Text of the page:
An alternative structure for the gradient coils is shown in FIG. 2. In FIG. 2, the X gradient coil 19, Z gradient coil 20, and Y gradient coil 21 include conductive windings 19A, 20A, and 21A formed in or on former plates, which are nested one on top of the other within the shim 22. The entire assembly of gradient coils 19-21 and shim 22 may be referred to as the gradient coil former 18. Although the X gradient coil 19, Z gradient coil 20, and Y gradient coil 21 and shim 22 are shown as separate units in FIG. 2, they may instead be formed as one integral plate-like unit.
The plate-like gradient coil former 18 is shown in an open access MRI system 23 in FIG. 3. The open access MRI system 23 may be a so-called four post system such as is shown in FIG. 3 where posts 24 support upper and lower magnet assemblies 25, respectively above and below and image area 26. Near the image area 26, plate-like gradient coil assemblies 18 are positioned near pole tips 28.
A predominant complaint of patients within the cylindrical and sometimes open access MRI systems is the relatively loud acoustical noise that is generated by the MRI system. As discussed above, the noise is caused by the operation of the gradient coil assemblies and specifically by current rapidly applied and removed from the various gradient coils, causing the coil former to deflect.
The present invention lessens the volume of the acoustical noise in the imaging area by improving the rigidity of the gradient coil former that supports the gradient coils. The present gradient coil former better resists the deformation forces induced on it when the various gradient coils are energized, thereby lessening the vibration of the gradient coil former and lessening the noise caused by the vibration.
The preferred embodiment of the present invention includes an epoxy grid, such as is shown in FIG. 4, integral with the gradient coil former to improve the rigidity of the gradient coil former. This assembly lessens the acoustical noise in the imaging area without adding excessive weight to the gradient coil assembly.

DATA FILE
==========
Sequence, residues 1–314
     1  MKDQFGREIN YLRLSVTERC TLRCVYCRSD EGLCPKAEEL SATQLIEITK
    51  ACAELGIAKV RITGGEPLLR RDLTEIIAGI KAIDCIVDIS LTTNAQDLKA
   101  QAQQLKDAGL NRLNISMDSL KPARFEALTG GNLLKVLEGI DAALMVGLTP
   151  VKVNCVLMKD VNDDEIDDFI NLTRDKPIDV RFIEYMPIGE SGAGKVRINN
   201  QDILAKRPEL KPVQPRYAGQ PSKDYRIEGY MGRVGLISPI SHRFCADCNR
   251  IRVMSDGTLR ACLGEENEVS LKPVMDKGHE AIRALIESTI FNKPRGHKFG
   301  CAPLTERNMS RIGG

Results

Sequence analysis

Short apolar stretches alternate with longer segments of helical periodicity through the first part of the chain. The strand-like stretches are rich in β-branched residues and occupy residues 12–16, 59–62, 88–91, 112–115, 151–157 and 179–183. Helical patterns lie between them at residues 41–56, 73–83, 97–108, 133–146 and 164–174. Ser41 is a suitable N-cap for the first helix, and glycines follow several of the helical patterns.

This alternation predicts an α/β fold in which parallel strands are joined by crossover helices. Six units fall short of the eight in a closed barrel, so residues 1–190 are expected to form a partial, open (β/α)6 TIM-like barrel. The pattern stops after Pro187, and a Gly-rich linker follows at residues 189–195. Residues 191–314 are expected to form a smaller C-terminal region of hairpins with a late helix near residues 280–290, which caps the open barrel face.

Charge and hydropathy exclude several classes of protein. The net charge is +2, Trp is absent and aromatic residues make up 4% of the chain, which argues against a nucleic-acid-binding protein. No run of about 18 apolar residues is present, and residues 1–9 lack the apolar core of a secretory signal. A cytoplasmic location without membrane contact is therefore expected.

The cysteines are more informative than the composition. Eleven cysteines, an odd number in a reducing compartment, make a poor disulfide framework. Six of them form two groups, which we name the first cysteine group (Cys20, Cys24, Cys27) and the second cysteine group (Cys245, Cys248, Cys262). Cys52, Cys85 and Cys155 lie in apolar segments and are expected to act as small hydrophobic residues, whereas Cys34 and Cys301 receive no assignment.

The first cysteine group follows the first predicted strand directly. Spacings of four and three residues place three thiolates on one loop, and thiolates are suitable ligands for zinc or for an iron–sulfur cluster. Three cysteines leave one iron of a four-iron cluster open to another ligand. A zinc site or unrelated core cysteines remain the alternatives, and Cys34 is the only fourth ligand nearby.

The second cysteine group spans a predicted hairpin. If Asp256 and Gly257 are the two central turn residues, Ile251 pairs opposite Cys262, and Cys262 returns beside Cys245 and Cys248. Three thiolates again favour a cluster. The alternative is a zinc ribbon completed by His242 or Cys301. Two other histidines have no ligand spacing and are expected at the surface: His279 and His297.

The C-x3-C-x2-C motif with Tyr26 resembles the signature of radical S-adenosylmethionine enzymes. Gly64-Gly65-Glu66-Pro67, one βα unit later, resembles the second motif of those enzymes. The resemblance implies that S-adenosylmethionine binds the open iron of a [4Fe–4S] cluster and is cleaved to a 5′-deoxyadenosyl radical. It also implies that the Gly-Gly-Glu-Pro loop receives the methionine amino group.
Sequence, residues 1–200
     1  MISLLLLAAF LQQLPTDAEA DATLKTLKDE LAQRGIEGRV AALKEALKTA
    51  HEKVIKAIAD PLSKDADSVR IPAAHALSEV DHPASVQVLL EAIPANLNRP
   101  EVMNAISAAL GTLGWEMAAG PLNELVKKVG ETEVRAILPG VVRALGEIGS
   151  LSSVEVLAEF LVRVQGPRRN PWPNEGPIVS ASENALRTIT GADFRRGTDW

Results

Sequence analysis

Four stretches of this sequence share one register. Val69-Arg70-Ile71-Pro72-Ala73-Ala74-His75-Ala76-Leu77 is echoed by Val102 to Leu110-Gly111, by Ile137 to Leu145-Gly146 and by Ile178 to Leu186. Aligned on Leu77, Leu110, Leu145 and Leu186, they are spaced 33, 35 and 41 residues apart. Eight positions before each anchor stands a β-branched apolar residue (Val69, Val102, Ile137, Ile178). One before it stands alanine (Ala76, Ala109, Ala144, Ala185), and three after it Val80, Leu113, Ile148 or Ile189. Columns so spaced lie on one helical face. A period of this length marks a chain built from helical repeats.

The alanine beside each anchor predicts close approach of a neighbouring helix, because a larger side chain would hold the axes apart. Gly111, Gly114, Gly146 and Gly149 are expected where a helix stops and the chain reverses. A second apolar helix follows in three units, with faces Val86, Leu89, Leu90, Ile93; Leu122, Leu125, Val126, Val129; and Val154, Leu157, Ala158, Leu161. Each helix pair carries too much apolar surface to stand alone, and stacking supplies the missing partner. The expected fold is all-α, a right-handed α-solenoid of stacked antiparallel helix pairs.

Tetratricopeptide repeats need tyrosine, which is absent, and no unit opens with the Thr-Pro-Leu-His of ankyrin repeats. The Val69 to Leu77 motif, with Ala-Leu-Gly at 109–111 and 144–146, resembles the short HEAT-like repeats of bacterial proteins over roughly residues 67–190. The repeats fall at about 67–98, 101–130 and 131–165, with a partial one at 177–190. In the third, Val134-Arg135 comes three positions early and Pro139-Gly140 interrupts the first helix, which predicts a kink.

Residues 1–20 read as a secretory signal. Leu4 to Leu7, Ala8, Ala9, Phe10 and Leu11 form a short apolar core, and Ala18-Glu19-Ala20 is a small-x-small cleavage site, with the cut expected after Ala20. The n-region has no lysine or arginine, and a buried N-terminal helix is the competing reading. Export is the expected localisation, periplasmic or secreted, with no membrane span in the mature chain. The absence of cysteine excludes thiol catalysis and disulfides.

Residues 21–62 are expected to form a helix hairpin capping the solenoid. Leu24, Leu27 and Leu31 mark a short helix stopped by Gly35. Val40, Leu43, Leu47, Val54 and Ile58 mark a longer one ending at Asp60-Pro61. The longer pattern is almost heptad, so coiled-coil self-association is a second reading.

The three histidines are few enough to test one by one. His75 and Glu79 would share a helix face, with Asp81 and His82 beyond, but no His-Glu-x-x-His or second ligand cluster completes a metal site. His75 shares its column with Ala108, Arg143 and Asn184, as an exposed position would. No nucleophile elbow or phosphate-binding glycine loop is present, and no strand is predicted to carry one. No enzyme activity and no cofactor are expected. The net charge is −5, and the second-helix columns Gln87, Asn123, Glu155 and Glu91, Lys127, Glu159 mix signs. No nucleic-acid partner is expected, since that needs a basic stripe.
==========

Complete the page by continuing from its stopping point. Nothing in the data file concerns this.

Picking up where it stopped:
In the embodiment of FIG. 4, the grid 40 is molded integrally with the gradient coil former and includes a web 42 made up of a plurality of ribs 45 which interconnect with each other to form a geometric hexagonal pattern. The interconnection of this web 42 with the gradient coil former of, for example FIG. 2, is more particularly shown in FIG. 5. Specifically, in FIG. 5, the hexagonal cell that surrounds the point 43 in FIG. 4 is shown in isometric view in FIG. 5. In FIG. 5, the ribs 45 are epoxy walls about 1" in height that interconnect with each other to form a hexagonal shape composed of six equilateral triangles.
As shown in FIG. 6, the gradient coil wires 19A, 20A, and 21A (see FIG. 2), the gradient coil former 50, and the fibs 45 of the web 42 are formed integrally into a coherent mechanical structure. One method of accomplishing this is to prepare an aluminum mold into which the gradient coil wires 19A-21A are placed. In the preferred embodiment, the aluminum mold includes a lower portion which will form the gradient coil former and an upper portion which will form the grid. The mold is filled with epoxy resin to envelope the wires 19A-21A in the lower portion of the mold and to form the hexagonal web 42 in the upper portion of the mold. When the epoxy sets, the complete gradient coil assembly, including the wires 19A-21A, the web 42, and the gradient coil former 50 are removed from the mold as a single mechanically contiguous unit, such as is shown in FIG. 6.